The days are getting darker and the end of the decade is inching closer. If you’re already ahead of the game, and have read the big books of the year—Madhuri Vijay’s JCB Prize-winning The Far Field, Bernardine Evaristo’s Booker Prize-baggingGirl, Woman, Other, and Lucy Ellmann’s Ducks, Newburyport, which took home the Goldsmiths Prize this week—here are some smaller gems to finish the year with. And if you’re struggling to meet your reading goals for 2019, HuffPost India has your back—and some single-sitting books for you. Easier on the wrist, but no less stimulating, these 10 small and short books also make for friendly travel companions and fun presents.
As a bonus, and because we truly believe you will love these little books, we’ve also recommended book pairings—or what we think you should read next. Don’t say you weren’t spoilt for choice. And happy reading!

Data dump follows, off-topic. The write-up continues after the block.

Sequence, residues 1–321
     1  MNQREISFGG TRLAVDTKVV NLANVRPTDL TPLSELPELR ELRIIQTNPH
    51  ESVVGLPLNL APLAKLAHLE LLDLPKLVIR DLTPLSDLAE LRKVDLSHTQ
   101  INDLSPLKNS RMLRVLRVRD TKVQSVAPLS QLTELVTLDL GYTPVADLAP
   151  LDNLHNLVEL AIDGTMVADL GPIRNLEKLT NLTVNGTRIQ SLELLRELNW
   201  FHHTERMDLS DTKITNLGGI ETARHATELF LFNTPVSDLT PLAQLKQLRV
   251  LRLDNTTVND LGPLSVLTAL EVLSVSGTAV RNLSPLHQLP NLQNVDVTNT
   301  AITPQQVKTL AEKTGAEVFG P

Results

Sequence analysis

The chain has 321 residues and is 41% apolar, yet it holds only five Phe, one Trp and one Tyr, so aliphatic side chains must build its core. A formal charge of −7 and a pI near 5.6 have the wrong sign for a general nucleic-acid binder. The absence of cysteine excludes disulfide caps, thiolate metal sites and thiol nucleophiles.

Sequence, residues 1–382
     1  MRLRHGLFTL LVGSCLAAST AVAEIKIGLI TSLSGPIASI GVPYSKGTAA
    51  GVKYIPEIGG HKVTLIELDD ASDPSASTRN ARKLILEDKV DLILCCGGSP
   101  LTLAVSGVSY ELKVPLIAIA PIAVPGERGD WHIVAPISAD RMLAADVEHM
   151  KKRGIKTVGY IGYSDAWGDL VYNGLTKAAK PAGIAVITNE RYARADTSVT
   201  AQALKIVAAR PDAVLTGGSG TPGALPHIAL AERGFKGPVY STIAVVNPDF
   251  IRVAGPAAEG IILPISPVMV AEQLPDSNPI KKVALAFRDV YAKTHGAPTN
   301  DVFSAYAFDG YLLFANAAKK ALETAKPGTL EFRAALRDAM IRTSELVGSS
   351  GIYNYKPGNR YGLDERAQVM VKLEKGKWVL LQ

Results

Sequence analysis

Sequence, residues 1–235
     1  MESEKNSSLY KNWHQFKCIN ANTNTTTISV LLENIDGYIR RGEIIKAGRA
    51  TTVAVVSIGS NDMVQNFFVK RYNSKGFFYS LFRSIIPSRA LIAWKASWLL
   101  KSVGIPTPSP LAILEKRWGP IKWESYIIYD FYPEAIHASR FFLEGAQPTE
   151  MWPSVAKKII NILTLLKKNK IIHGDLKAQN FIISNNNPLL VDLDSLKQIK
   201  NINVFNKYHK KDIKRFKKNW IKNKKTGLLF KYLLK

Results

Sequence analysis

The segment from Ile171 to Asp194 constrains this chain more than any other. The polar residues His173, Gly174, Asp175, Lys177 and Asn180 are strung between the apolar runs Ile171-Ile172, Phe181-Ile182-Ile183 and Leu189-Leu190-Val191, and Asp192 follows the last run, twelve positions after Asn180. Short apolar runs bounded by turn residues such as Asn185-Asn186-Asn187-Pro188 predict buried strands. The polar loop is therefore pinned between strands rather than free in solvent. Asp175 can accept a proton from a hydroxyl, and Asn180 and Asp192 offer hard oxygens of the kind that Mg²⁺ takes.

1. Exquisite Cadavers by Meena Kandasamy (Atlantic Books; 100 pages)
Palimpsest-like, playful, polemical, provocative and at its most powerful in the peripheries of its pages—Kandasamy’s latest is a response to the reactions to When I Hit You. The experience, for me, felt closest to reading JM Coetzee’s Diary of a Bad Year, which I similarly read multiple times, in multiple ways. Do you read the main narrative first, or the margins? Do you somehow read them simultaneously, or separately? Exquisite Cadavers has fun with form, fact, and fiction—a “literary hall of mirrors”—and is not unlike a choose-your-own-story-style book. Kandasamy interrogates how we read and invites new ways of reading and being read. In her preface, she says that she has embarked on an experiment—which she pulls off successfully, of course—and this positively ambitious and audacious work may just be my book of the year.
What next? In the Dream House by Carmen Maria Machado or The Man Who Saw Everything by Deborah Levy
2. A Month in Siena by Hisham Matar (Viking; 118 pages)
If, like me, you...